Experienced gardeners will tell you that growing a crop of sugar snap peas is an excellent way to start your own edible garden. Home-grown sugar snaps are much sweeter, more succulent, and far tastier than anything you can grab from a grocery shelf.
You can choose from climbing or bush sugar snap pea varieties. Bush peas can grow to three feet tall. You’ll need to provide the plants with something to climb on or they’ll sprawl across the ground.
Climbing varieties can reach six to eight feet tall. These varieties require trellises. The pea tendrils will wrap around supports that are about ¼ inch in diameter. To help the plants climb, you will need to add twine, string, a wire mesh, or netting to the trellis.
Growing Sugar Snap Peas
Sugar snaps thrive in soil that is rich in organic nutrients. In some areas, you can plant pea seeds in the summer, about two months before the first fall frost.
In warm regions, plant the seeds in an area that gets full morning sun and partial shade during the hottest hours of the day.
If you live in a cool climate, plant the seeds directly into the garden after the last spring frost. Be sure to plant your crop in a well-draining spot that receives full sun for most of the day.
Here’s how to grow sugar snaps in your backyard.
Planting Sugar Snap Seeds
Plant the pea seeds 1 to 1½ inches deep into the soil. The seeds should be about 2 inches apart but you should allow 18 to 24 inches between rows. Otherwise, follow the directions on the seed package for the variety you’re growing. Rows of bush sugar snaps can usually be planted 12 to 18 inches apart.
Extremely cold, nutrient-poor soil may not have the nitrogen that sugar snaps require to grow to a healthy size. A sprinkling of natural inoculant over the soil prior to planting will remedy the problem. These compounds may also help if your plants develop at a slow rate.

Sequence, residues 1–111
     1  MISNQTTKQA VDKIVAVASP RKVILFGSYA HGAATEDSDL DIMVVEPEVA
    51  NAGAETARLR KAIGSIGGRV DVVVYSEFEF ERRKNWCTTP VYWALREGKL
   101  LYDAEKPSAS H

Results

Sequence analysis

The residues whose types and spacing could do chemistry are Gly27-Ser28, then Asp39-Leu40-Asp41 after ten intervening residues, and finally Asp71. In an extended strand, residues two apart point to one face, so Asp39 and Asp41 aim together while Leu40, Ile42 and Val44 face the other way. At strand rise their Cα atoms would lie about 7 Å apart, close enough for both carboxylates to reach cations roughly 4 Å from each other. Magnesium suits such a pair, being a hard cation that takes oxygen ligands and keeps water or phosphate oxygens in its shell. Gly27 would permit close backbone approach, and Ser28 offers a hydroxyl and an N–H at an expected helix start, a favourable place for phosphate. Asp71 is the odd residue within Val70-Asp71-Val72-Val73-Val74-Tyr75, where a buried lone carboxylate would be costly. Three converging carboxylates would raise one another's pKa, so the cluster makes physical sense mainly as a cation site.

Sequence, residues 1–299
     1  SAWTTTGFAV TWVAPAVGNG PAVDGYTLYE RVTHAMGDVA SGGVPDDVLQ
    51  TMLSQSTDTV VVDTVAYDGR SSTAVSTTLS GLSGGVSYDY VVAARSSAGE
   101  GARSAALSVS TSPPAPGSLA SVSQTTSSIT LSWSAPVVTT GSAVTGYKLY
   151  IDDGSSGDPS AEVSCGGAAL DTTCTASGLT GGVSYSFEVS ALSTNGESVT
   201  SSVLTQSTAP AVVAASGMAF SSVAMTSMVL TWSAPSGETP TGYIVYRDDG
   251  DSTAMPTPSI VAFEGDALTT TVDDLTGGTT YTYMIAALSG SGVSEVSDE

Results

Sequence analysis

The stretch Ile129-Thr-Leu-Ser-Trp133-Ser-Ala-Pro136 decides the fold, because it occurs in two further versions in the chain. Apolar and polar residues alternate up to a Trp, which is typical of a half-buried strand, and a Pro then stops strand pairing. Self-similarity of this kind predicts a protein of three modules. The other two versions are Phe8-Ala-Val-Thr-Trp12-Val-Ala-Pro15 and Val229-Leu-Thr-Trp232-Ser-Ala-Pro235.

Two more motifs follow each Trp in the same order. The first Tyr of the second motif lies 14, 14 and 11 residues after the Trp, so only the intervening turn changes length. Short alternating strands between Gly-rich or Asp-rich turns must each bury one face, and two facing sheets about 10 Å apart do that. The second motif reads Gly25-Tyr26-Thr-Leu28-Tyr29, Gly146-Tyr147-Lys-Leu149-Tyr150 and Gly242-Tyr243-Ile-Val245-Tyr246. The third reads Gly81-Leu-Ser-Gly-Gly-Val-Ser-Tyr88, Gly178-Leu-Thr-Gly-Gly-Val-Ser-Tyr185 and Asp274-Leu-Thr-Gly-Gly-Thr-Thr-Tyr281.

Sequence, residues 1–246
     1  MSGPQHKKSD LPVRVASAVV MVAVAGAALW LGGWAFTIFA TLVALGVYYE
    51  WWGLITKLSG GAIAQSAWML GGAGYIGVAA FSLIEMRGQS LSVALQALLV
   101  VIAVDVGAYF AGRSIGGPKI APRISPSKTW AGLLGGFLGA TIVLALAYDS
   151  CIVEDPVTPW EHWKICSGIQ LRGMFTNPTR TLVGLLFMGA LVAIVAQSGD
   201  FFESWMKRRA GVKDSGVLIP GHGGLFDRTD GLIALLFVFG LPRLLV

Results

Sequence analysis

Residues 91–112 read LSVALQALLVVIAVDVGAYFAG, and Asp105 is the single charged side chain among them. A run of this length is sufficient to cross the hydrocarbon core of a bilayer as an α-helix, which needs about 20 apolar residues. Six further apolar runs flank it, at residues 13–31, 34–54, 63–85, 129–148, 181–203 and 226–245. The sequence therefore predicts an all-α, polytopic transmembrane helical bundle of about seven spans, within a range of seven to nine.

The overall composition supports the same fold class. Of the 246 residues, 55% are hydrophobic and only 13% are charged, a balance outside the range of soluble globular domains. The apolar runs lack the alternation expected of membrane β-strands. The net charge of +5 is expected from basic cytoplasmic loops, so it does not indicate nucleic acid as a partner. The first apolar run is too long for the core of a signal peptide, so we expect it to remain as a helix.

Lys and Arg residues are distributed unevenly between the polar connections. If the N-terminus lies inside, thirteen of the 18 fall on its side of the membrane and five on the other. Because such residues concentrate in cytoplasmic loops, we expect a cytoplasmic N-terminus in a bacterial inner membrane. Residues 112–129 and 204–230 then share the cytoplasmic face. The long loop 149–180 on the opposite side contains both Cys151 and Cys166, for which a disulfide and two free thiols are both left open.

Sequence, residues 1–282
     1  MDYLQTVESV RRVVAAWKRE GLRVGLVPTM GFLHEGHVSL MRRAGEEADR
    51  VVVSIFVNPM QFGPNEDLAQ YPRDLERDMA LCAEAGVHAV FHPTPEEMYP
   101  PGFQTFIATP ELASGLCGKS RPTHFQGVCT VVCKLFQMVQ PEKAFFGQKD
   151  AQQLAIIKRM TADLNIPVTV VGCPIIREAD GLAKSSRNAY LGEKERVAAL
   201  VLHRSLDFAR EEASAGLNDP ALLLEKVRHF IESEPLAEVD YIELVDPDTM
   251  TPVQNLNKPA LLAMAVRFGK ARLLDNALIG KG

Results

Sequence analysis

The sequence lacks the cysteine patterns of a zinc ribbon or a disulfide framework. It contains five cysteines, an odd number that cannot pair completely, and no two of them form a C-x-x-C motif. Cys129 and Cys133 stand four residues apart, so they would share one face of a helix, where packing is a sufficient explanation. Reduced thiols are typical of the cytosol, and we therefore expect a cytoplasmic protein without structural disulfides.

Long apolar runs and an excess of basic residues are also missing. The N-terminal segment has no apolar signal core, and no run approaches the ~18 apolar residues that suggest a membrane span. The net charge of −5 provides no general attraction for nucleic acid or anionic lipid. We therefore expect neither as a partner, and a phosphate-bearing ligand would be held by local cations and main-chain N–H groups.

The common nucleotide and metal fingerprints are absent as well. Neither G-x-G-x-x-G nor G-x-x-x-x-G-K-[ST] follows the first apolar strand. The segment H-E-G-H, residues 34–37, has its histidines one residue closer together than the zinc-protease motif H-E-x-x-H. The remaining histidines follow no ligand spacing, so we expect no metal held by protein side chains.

Caring for the Plants
Sugar snap peas are a remarkably low maintenance crop. Most varieties will sprout within 10 days of sowing the seeds. The plants will survive on the moisture of occasional rainfall.
If you live in a hot, dry area, weekly watering should suffice to grow a healthy crop. Remember to use just enough water to thoroughly wet the top layer of soil.
Pea moth caterpillars, slugs, and cucumber beetles like to feed on the leaves and pods of flowering pea plants. You can pick these critters off by hand.
You can also make home-made pesticide with water, a little vegetable oil, and a few drops of mild liquid detergent in a spray bottle. Simply blast any pests that invade your vegetable patch with the mixture.
Harvesting Sugar Snap Peas
Your sugar snap peas crop will be ready for harvest six to eight weeks after sowing. Harvest them while the pods are green and still tender. Snap off the tough ends, pull off any strings, and eat the entire pods or just the peas inside.
Sugar snap peas grow fast. Check them often and harvest as frequently as necessary or the pods will become starchy and tough. They will eventually lose their sweet flavor. Harvesting often also encourages the plants to produce more pods.
Here’s a helpful tip. Sugar snaps are part of the legume family of vegetables, which store nitrogen in little nodules in their roots. Dig the roots directly into the soil when the plants finish cropping and they will slowly release the nitrogen for other plants to use.